"I kicked him in the testicles." A visible ripple of pride ran through his body, and he straightened up. "Absolutely nailed him. That was right after he bent my fingers back, and he never expected me to resist. I hadn't since I was a small kid, but I was getting bigger by that point." House grinned openly. "He couldn't do anything for a few days. I know because he was even more harsh verbally than usual, and he was walking like it hurt. Probably made up some story for the guys on the base. But that's the last time he ever laid a hand on me. Verbal still, but nothing physical, not after that. Of course, he had a front for leaving me alone after that, just said I'd wasted enough of his time."

"Good for you," Jensen said softly. House met his eyes. "You took control and ended it when you physically could. You still kept the secrets because of your mother, though, didn't you?"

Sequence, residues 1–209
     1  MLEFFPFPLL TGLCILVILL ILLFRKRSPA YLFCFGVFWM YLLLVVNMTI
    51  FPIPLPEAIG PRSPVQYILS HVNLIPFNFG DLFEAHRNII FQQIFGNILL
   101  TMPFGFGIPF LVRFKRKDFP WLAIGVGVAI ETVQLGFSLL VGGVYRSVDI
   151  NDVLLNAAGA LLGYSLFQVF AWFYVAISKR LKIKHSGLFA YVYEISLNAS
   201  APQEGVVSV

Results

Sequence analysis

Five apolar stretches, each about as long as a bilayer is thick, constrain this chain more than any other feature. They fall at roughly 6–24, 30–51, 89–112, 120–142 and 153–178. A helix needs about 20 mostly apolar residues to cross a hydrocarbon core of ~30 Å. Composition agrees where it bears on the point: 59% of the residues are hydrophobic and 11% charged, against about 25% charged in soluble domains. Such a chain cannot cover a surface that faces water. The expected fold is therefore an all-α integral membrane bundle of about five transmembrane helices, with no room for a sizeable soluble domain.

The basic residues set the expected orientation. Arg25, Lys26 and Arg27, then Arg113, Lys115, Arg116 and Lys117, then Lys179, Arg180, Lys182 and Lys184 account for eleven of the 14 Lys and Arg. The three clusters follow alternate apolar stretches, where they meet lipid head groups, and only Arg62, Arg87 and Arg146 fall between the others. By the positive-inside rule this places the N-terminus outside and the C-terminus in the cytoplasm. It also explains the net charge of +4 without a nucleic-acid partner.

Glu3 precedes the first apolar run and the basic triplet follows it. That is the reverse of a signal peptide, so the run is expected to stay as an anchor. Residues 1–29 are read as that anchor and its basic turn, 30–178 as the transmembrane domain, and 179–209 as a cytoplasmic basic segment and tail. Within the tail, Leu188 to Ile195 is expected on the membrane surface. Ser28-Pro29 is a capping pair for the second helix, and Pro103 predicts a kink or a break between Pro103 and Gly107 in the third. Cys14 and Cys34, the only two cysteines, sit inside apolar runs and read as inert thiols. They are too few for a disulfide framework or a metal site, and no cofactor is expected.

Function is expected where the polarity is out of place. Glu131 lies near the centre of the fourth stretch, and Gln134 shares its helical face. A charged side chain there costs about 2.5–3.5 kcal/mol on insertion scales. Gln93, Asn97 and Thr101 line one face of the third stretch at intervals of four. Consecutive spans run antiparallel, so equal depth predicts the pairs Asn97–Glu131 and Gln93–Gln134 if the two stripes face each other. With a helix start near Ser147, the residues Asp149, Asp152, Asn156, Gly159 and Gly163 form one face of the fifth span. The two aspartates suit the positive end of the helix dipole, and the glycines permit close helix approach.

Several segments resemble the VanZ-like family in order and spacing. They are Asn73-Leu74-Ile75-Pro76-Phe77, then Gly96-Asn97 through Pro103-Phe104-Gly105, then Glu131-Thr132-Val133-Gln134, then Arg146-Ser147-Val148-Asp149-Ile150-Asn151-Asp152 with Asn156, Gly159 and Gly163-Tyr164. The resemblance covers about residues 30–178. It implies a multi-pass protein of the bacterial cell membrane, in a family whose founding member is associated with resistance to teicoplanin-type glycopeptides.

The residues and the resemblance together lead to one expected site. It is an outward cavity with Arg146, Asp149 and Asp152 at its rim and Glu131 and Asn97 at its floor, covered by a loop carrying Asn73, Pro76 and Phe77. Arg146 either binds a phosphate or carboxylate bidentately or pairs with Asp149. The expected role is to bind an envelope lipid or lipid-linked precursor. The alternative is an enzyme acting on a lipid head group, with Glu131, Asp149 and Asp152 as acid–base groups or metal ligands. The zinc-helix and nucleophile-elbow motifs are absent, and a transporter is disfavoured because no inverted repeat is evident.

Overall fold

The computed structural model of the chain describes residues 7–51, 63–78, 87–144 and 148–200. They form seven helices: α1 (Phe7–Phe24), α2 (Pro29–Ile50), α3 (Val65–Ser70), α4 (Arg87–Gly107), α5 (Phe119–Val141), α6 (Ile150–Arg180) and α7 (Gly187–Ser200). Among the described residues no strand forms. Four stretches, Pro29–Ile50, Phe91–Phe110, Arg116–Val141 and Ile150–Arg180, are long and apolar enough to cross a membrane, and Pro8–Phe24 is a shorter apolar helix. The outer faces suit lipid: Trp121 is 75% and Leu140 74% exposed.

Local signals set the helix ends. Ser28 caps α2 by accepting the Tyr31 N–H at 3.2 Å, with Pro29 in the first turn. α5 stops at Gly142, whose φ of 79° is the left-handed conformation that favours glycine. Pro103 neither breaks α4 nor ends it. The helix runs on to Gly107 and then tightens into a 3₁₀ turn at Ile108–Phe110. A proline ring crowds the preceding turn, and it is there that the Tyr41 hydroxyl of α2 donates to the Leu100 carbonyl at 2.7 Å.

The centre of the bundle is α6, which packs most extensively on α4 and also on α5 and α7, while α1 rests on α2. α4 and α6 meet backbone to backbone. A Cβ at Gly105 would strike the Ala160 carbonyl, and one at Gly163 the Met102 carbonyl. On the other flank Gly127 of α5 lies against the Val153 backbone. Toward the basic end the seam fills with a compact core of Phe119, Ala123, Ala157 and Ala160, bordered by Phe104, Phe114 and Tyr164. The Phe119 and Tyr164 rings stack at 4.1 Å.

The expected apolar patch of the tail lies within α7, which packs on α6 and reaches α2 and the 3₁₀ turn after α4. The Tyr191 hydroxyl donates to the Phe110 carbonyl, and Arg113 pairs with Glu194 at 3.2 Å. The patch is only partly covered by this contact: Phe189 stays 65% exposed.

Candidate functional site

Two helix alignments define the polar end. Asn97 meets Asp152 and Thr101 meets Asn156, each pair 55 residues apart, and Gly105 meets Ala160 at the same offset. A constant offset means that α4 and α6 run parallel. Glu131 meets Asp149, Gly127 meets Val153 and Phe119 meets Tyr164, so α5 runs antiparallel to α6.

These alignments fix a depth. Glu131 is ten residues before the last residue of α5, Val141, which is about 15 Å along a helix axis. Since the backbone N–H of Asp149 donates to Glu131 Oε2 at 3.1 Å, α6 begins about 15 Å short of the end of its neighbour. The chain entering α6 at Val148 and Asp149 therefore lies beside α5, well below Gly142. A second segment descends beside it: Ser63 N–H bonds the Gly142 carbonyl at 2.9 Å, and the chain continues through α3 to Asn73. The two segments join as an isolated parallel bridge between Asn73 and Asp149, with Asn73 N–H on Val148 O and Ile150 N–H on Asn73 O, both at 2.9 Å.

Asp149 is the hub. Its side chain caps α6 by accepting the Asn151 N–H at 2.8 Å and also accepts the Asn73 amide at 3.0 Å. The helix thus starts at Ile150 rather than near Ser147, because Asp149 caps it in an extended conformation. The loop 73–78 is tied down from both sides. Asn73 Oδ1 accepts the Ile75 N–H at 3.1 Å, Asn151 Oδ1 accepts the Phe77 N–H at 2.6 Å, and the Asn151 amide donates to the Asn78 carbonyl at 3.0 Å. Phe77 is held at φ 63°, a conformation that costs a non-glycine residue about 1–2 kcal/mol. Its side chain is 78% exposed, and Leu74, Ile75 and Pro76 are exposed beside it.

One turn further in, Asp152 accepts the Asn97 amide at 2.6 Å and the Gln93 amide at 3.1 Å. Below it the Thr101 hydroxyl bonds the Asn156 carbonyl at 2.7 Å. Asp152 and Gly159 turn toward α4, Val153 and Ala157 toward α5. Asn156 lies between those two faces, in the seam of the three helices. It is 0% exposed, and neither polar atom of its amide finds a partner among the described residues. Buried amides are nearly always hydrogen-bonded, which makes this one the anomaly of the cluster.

House nodded. "He always said he'd kill her." He shuddered. "I still think that part of him might have been capable of that." He shook himself, shaking off the memories. "Why does his attitude toward physical activities matter today?"

"Because he clearly drilled it into you enough that it still surfaces at times." House looked up, startled. "Why of all things would you select one minor physical failing, one very explainable and legitimate physical failing, and worry about the entire success of the wedding in your wife's eyes based on that? Just be aware of where part of that feeling comes from, Dr. House. That isn't entirely your belief. It is at least partially your father's. Don't give him a piece of your wedding night. He has no right to it." House was starting to look angry now, which is what Jensen had been aiming for. Anger at John was much better than helpless annoyance at himself. "Can I assume that your father also belittled your disability after your infarction?"